Aug. 26, 2020 belongs on the list monumental sports moments in history, and a College of Wooster alumnus was in the NBA Bubble to document it all. The Milwaukee Bucks refused to take the court prior to game five of its first-round NBA Playoff series against the Orlando Magic in response to the police shooting of Jacob Blake in Wisconsin. Shortly after, the NBA announced all playoff games were postponed for the day, and by day’s end, the future of the NBA season was in doubt following a players-only meeting.
Joe Vardon ’02, a communication studies alumnus and senior NBA writer for The Athletic, was nearing the end of his 53 days in the NBA Bubble. He originally planned to catch up on sleep before covering the Los Angeles Lakers and Portland Trail Blazers game later that day, but as fate would have it, he ultimately decided to “check (the Bucks) out before they close out the series” since he hadn’t seen them play lately.
“At the beginning, there were only two of us (reporters at the arena),” shared Vardon. “It was me, and my friend, Malika Andrews from ESPN. At the same time, we both looked up and noticed there were 16 minutes left on the (pre-game) clock and the Bucks weren’t out yet. She got a call and went one way. By now, given all the things that had been going on, and the whispers going on about this with the other teams, I realized that there could be a problem. I walked around the other way, past the visitor’s locker rooms, down past the media rooms, and no one stopped me. Sure enough, she and I were both standing right outside the (Bucks) locker room as this whole thing happened. We were simultaneously tweeting and reporting; our links were starting to generate. Within an hour (all reporters in the bubble) were there, but it was just us two to start.”
Initial thoughts that went through Vardon’s mind included “a sense that you have that kind of seat for history,” and professionally, he geared up for “the questions I have to ask,” all while actively working contacts within the Bucks’ organization to find out if the team was planning to come out to make a statement, plus contacts on teams scheduled to play later that day to get the inside scoop on potential decisions from those teams.
“As things started to slow down from the initial rush of reporting, and there was still no movement outside the locker room, I had a chance to reflect and start to think about this as something that’s never happened before in the league and I was there for it,” summed up Vardon. “There was a time then where the Bucks’ general manager came out and he saw us, so he came over. He wanted to say something brief without taking questions. Of course, there were some things that had to be asked, so I asked him a couple of things.”
During the near-three hours leading up to the Bucks’ statement, “I prepared myself to be able to shout a question,” he said. “I knew as a hard news journalist that I would have to ask a question, even though we were told not to do that,” said Vardon, who credits Wooster’s public speaking course as helping prepare him for that moment. “I knew that everybody would be quiet and everybody would hear what I said.”
After wrapping up a write-through with a totally different story featuring more reporting from Vardon from the scene, plus additional reporting from colleagues centering around the league-wide players-only meeting, Vardon walked around Coronado Springs. He was “shocked at how festive (the atmosphere) was,” given all that had transpired that day, including LeBron James and the Lakers leaving the meeting and having unclear intentions if they were going to continue to play.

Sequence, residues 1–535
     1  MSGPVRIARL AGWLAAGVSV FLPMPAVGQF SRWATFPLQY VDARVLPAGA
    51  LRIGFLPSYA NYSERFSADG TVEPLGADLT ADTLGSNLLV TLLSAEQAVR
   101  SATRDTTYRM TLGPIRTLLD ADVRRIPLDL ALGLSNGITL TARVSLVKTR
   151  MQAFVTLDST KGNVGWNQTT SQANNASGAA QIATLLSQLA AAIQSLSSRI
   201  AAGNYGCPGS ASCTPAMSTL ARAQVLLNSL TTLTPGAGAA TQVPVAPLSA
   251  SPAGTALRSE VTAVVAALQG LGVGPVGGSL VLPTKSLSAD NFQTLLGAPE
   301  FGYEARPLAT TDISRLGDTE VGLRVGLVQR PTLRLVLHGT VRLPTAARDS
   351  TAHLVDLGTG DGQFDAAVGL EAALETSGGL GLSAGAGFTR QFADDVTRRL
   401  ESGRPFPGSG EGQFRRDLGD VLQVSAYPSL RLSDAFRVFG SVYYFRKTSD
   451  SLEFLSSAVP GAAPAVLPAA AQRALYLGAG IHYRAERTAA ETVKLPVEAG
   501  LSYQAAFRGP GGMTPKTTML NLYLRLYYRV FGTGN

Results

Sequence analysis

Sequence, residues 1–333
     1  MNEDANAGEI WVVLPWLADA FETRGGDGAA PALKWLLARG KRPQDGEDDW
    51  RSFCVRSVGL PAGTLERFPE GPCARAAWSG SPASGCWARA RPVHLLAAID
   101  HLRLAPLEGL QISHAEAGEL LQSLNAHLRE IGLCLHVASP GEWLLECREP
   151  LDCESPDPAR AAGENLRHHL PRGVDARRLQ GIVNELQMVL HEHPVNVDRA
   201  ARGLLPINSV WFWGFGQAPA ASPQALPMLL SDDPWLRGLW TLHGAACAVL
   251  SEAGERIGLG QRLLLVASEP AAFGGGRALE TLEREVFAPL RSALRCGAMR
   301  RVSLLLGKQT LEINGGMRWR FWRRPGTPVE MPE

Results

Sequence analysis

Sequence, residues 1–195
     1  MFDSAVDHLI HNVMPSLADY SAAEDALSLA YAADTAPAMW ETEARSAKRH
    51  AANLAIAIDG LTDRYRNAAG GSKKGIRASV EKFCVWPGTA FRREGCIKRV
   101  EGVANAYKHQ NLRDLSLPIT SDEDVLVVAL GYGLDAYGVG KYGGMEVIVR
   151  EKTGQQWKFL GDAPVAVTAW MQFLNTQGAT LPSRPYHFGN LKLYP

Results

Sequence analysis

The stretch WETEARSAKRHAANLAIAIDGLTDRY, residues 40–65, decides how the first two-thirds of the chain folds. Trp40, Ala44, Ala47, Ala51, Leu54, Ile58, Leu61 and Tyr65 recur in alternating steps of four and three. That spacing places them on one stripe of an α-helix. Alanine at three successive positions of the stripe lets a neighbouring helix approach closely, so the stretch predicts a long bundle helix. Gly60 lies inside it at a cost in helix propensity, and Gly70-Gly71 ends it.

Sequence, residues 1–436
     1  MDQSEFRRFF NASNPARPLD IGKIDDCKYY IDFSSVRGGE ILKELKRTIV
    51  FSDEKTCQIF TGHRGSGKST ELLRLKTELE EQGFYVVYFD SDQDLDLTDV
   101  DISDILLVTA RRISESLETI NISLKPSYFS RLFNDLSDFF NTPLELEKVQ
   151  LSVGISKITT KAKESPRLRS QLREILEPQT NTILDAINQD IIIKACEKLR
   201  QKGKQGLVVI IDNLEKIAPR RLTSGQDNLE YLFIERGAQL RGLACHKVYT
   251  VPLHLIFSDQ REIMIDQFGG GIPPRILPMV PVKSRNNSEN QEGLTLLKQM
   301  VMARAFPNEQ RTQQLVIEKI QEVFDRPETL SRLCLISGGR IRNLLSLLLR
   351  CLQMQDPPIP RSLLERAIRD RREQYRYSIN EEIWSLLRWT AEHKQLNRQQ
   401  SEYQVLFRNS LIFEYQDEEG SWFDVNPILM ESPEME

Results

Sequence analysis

Later in the week, Vardon scored an exclusive one-on-one interview with James, who he covered regularly as Cleveland.com’s “LeBron James reporter” during the NBA superstar’s second stint playing for the Cleveland Cavaliers, and who Vardon’s maintained a professional relationship with to this day.
“LeBron comes out after playing the Blazers, and there’s no one there, no one to shoo me away,” explained Vardon. “He was going to wait for Anthony Davis. He saw me, and I started to approach him. He knew this was kind of his opportunity to get this out there. Not only did he agree to it, but he kind of brought me over with him. He was telling me, ‘Yeah, I’m going to give this to you.’ He was really forthright and really opened up that night about how close he was to going home and why, and just sort of what the days and hours meant to him as this was unfolding.”
After the interview, Vardon’s rhetoric classes at Wooster, especially those with Denise Bostdorff, professor of communication studies, prepared the alumnus for his reporting on the interview. Lessons learned in the classroom gave Vardon the tools to “try to interpret some of the meaning,” a task Wooster students are challenged to do regularly throughout their studies.
Even prior to the historical events in late August, Vardon can make a strong case for being “Mr. Popular” as far as NBA coverage is concerned. Just being in the NBA Bubble was historic itself, and as one of approximately a dozen reporters on site at the onset of the season’s restart, there was a high demand for content centered on Vardon’s personal experiences. When looking back at the Milwaukee Bucks’ decision and ensuing content, “you just know that this is something that people are going to read and remember you for,” Vardon said. “They’re going to remember whose name is on the story. It really did feel like a seminal moment in my career to be a part of that and see that.” As to the overall NBA Bubble experience? It’s the kind of thing Vardon “can’t even imagine not having been there.”